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#61 - China trades like a swimmer with lead boots on: how heavy are they?

Chinese equities continued to trail global equities in the second half of this year, attributed to mixed economic data and elevated uncertainty about local developments. Investors remain cautious, reflecting the profound crisis of confidence the country is experiencing, as the economic recovery has yet to establish strong roots. On the positive side, Beijing is finally mobilizing its fiscal resources to support growth, though the general consensus is that more stimulus is still needed, given the extent of domestic growth challenges.

The housing slump still presents headwinds for China’s growth outlook, and we approach a level where a necessary and nearly sufficient condition for recovery is the strengthening of the housing market. Once the indicators begin to improve, the heavy weight on economic growth will be gradually lifted.

With the additional stimulus and improving growth conditions, the Chinese equity market will become attractive again. For now, the time dimension for this recovery seems to extend into the future, longer than many would like or expect.

The fight against deflation and growth weakness.

This time, we observe a new development in China's shaken economy. Consumer confidence plummeted and created an unexpected situation similar to Japan in 1990s. Chinese home sales dropped 40% from peak, mortgage borrowing reached very thin levels, household savings have raised at levels never seen until now and a worsening demographic can result in recession and deflation.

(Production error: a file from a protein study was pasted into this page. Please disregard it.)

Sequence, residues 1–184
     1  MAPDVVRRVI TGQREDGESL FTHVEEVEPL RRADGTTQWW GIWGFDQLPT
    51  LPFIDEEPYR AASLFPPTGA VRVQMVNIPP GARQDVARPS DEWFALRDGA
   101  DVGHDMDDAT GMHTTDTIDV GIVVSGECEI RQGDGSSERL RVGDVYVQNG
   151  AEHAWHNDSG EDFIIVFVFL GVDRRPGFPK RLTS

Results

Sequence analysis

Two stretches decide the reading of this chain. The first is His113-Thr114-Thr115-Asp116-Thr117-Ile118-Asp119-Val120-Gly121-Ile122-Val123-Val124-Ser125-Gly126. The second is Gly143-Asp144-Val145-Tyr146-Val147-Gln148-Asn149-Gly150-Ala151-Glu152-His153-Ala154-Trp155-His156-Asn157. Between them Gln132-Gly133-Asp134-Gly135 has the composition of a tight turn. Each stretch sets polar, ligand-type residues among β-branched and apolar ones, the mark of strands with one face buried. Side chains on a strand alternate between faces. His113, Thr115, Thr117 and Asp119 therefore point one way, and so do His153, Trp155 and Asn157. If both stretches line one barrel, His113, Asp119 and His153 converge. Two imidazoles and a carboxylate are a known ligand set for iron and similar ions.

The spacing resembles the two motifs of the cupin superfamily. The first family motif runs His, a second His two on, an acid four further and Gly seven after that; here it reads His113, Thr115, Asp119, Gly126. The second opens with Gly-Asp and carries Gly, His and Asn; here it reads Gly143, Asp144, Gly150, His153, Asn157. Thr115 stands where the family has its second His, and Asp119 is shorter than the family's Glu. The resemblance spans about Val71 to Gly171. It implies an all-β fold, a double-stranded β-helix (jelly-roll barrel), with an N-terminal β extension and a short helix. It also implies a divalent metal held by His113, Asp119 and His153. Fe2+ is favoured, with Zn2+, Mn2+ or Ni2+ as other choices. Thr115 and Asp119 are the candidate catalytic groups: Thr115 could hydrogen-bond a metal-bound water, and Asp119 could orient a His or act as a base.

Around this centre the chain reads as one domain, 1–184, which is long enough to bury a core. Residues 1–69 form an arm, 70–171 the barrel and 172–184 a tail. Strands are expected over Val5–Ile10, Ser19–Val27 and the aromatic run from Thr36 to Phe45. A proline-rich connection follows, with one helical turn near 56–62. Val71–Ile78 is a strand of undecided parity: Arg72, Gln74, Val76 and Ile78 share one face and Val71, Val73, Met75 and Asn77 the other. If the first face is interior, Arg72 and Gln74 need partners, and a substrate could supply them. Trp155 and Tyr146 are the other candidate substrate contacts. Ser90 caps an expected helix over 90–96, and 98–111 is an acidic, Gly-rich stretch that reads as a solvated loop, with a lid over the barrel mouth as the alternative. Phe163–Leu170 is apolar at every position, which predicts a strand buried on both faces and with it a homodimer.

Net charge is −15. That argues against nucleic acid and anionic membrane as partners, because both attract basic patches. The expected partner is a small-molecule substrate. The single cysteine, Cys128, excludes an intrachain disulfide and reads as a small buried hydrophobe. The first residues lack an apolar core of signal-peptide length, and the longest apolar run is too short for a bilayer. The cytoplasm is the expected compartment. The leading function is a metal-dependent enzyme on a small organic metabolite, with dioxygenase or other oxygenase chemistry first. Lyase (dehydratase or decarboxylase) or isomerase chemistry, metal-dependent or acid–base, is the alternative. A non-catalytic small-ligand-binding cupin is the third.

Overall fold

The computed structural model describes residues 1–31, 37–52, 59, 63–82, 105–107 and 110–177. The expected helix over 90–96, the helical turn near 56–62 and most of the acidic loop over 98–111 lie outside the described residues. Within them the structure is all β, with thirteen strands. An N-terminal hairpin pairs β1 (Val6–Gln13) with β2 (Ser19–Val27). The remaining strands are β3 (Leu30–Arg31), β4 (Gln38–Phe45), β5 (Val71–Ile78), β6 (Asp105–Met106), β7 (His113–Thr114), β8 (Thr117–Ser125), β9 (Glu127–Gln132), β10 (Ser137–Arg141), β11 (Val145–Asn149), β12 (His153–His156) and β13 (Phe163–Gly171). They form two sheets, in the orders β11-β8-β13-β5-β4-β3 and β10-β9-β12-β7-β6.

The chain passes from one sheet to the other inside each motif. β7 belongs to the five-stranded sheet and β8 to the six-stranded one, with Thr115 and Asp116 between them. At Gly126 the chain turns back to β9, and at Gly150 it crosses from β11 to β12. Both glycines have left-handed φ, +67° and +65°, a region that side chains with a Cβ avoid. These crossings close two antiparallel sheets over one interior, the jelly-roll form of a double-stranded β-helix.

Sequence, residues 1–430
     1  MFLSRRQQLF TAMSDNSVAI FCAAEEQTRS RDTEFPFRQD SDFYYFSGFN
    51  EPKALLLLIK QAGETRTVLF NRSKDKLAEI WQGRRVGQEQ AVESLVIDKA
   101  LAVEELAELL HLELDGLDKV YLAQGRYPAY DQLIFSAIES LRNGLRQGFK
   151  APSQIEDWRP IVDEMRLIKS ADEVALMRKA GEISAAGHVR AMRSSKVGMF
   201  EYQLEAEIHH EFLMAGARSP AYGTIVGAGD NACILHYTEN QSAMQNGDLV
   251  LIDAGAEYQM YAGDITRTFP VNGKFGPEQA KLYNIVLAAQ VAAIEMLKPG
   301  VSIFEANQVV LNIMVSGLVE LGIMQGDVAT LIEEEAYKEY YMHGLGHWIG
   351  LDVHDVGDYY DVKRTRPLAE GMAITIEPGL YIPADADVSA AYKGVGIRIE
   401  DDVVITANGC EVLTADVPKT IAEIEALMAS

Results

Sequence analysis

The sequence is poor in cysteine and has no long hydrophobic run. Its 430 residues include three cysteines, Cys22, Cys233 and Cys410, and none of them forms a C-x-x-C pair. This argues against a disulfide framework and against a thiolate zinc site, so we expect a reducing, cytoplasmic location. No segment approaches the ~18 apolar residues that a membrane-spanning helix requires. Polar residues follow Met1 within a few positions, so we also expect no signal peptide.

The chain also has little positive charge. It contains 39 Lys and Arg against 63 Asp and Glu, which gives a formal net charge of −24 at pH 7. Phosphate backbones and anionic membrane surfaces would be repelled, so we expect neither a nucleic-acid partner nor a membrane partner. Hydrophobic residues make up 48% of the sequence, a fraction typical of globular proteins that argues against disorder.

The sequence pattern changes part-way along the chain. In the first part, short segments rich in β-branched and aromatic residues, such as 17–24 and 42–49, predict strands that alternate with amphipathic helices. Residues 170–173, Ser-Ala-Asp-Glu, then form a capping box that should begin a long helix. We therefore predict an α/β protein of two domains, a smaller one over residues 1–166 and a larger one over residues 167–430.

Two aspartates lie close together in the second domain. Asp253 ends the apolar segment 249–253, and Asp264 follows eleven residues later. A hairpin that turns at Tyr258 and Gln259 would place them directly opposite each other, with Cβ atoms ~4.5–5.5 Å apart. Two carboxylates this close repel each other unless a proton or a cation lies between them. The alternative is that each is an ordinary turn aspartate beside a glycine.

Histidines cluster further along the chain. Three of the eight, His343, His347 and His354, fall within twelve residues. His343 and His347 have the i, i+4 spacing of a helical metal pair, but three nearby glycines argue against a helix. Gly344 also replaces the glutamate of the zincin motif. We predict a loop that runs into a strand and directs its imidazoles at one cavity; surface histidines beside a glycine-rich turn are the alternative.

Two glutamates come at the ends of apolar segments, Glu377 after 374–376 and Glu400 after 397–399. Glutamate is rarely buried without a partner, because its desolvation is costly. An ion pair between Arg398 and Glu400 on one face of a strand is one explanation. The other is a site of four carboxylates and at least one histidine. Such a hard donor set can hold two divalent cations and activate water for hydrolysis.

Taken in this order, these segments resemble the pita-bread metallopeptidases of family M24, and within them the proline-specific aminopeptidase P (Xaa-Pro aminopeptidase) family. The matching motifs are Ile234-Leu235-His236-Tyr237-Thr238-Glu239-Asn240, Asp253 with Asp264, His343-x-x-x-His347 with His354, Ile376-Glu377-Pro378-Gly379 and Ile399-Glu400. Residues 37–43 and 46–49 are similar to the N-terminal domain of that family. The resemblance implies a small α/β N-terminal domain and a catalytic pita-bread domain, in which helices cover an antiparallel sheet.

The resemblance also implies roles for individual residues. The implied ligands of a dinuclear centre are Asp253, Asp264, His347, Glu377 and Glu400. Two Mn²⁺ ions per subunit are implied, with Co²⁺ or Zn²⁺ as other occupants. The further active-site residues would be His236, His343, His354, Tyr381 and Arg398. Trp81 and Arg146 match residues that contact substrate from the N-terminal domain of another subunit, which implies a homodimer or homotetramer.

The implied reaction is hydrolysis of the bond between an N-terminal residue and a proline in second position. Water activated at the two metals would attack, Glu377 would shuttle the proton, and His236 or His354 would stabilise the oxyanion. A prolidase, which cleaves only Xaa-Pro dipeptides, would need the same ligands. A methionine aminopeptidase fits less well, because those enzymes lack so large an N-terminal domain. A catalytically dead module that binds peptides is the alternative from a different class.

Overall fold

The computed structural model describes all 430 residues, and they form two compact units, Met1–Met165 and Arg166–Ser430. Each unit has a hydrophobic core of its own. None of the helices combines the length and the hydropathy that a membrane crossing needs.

There are some interesting parallels between China's and Japan's economic and social situations, drawn by reputed strategists:

- Peter Tasker (Strategist Arcus) – “In 2021, price to income ratios in Beijing were at 25x and near 20x in Shanghai. In the Japanese bubble, affordability was less strained with ratios over 10x, but that marked a doubling in three years, and price rises in the commercial sector were equally explosive.”

- Edward Chancellor (British financial historian) – “the total value of Chinese real estate is equivalent to 5.5x the country’s Gross Domestic Product (“GDP”). By comparison, Japan’s land-to GDP ratio peaked out at 4.8x when the bubble burst in 1991. Any way you look at it, China’s real estate excesses are of a monumental scale and purging them will be a painful process.

The deflationary symptoms in China are mild, with small declines in the consumer price index and the GDP deflator similarly to Japan, in 1990s. Deflation was persistent in Japan but never deep, which is why policymakers ignored it for long time. Instead, a risk-averse 'deflationary mentality' spread, where people began to believe that the natural trajectory for wages, rents, and stock prices was downward.

China’s export price deflation, coupled with the fall in its trade-weighted currency, can reinforce the ongoing slide in global core goods inflation.

Several headlines suggest that China's apparent foray into deflation is evidence that its long-standing property woes will snowball into spiralling defaults, a financial crisis, and a hard landing. However, as indicated in the chart above, China's core Consumer Price Index (CPI) — which excludes volatile food and energy prices — is still rising, showing a 0.6% year-on-year increase in October.

China is a significant player in the world market, and its economic health can influence global trade, investment flows, and commodity prices. Deflation and economic weakness in China pose obvious risks for U.S. investors exposed to Chinese stocks or emerging market exchange-traded funds (such as iShares China Large-Cap ETF), as well as certain sectors closely tied to China's economy, like manufacturing and technology.